If you enjoy spreading the truth and pointing out that the miserable failure is unelectable you need to now just what is going on with the internet. Activism in behalf of this amazing activists tool, this free medium to get and share information, may be crucial.
Because you know all this freedom of information, this uncensored bringing truth to light pisses "them" off. And has the greedheads scurrying to find a way to make a buck from us. Napster was the first assault.
Check out the Electronic Freedom Foundation. They also cover the black box voting assault on Democracy.
As an aside, Bev Harris' book, Black Box voting is available on my sidebar in .pdf. Buy the book. I only have up to chapter 11 posted there, I'll get the other 3 chapters up pronto. Crucial information...
Scroll down sidebar, they are up now.
Buy the book!
Who's Who in Occupied Iraq - A Limited Tool
The BBC gives a thumbnail sketch of the various factions and personalities, groups religious, ethnic and political vying for power in Occupied Iraq. I offer it as a tool for further research in understanding the complexity of forces moving to govern a democratic Iraq.
Could it be possible that Saddam Hussein was not hiding, that in fact he was being held prisoner?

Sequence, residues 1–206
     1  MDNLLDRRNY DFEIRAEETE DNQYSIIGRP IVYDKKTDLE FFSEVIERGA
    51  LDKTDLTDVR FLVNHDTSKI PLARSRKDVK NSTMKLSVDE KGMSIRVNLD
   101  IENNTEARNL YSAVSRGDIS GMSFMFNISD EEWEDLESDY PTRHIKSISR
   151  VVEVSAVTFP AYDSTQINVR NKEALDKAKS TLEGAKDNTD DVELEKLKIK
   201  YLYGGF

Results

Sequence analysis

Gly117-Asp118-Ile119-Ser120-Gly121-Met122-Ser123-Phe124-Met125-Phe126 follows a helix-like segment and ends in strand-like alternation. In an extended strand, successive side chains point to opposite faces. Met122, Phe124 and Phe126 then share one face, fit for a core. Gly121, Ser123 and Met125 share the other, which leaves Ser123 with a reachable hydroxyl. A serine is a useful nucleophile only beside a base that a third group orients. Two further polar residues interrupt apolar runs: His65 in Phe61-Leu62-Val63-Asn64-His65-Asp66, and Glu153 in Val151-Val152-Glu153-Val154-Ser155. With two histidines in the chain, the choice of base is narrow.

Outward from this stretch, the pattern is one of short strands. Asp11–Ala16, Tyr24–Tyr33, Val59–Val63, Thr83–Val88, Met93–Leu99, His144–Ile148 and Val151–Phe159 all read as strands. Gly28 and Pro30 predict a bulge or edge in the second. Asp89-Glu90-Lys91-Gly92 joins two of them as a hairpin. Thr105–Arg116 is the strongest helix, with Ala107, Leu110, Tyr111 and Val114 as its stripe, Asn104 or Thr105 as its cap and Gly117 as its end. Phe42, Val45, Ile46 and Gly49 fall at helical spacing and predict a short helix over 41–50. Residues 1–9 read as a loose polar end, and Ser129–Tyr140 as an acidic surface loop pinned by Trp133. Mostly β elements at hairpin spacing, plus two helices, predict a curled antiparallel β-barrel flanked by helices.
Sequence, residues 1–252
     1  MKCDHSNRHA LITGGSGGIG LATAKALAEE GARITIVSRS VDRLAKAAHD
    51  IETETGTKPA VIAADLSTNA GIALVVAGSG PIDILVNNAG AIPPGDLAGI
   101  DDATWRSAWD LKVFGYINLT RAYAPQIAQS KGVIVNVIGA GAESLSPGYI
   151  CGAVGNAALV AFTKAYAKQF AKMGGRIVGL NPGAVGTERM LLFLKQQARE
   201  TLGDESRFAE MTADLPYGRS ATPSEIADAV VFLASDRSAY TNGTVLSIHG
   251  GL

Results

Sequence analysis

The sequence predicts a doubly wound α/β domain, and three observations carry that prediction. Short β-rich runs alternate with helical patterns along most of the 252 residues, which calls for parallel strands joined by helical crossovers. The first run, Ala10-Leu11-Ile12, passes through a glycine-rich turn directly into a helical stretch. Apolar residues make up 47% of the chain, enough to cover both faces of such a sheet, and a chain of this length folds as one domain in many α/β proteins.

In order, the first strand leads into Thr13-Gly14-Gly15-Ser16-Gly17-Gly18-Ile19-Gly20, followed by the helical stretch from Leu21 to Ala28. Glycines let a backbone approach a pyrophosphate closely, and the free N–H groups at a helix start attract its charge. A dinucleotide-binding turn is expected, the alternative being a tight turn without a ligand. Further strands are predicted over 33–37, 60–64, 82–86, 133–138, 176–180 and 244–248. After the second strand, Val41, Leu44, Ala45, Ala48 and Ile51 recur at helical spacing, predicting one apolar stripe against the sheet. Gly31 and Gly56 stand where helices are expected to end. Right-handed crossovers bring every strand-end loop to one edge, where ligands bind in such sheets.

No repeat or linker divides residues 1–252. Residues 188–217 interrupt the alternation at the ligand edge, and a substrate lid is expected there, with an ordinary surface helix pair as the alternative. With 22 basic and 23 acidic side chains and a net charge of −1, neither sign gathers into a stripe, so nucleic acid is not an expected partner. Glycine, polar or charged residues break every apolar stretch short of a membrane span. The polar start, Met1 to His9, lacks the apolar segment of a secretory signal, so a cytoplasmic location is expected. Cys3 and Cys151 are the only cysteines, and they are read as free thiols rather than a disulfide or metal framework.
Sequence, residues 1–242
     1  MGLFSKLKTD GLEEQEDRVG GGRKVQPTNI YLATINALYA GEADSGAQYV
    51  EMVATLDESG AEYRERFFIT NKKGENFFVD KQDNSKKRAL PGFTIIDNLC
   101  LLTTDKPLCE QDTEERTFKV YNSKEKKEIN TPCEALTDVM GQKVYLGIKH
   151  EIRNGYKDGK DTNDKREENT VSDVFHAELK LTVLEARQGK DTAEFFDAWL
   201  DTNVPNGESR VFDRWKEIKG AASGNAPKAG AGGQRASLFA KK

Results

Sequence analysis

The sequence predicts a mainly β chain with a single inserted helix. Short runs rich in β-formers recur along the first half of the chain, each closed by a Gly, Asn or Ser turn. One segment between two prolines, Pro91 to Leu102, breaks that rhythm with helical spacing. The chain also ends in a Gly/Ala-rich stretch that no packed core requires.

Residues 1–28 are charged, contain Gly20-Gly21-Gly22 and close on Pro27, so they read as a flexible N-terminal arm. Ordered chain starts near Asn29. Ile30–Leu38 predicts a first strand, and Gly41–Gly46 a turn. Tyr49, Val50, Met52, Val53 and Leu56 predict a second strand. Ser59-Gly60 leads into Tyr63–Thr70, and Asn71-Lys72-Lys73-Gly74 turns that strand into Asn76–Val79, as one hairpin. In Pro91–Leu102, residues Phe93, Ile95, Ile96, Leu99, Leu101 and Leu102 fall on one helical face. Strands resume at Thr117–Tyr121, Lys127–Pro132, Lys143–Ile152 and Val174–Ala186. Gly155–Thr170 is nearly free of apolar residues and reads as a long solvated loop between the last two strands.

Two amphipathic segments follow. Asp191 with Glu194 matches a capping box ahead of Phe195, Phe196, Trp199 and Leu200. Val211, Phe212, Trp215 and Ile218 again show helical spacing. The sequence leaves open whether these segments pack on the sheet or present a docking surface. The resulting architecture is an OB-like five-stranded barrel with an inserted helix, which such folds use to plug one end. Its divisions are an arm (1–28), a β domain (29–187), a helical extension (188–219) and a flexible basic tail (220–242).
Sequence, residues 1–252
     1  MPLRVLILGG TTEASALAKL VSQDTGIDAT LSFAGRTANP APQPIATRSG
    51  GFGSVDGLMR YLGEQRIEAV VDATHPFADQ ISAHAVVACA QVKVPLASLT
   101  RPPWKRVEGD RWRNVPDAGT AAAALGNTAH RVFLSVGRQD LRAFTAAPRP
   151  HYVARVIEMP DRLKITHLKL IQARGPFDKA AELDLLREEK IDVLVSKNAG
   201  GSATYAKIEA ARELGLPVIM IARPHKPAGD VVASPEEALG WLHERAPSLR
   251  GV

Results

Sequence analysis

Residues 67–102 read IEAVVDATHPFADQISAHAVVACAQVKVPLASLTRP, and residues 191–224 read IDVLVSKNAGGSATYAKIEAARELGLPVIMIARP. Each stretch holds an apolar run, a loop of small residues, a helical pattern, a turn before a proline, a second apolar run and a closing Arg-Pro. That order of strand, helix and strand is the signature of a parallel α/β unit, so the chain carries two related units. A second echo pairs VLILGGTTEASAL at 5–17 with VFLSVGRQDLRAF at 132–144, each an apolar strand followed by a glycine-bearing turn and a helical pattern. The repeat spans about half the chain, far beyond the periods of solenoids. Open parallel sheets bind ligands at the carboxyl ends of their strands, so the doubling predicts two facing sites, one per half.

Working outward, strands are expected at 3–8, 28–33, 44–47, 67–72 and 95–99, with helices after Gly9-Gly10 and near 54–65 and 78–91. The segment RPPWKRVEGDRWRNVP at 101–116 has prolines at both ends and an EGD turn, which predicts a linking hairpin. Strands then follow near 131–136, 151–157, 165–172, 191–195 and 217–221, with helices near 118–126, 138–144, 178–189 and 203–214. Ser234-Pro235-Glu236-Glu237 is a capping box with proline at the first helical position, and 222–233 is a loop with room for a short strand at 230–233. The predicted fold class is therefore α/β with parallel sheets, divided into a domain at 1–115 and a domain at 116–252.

After his last audiotaped message was delivered and aired over al Arabiya TV on Sunday November 16, on the occasion of Ramadan, Saddam was seized, possibly with the connivance of his own men, and held in that hole in Adwar for three weeks or more, which would have accounted for his appearance and condition. Meanwhile, his captors bargained for the $25 m prize the Americans promised for information leading to his capture alive or dead. The negotiations were mediated by Jalal Talabani’s Kurdish PUK militia.
"Indications Saddam Was Not in Hiding But a Captive" An interesting and thought provoking read from The DEBKAfile.
Talk about disturbing. Videogame Developers and the US military are teaming up to make videogames. What a great adjucnt to the crumbling educational system the budget cuts offer our nation, as well as the 3 million jobs this administration has seen go offshore. Plenty of disaffected unemployed youth to fill the ranks of the miltary. The draft as employment.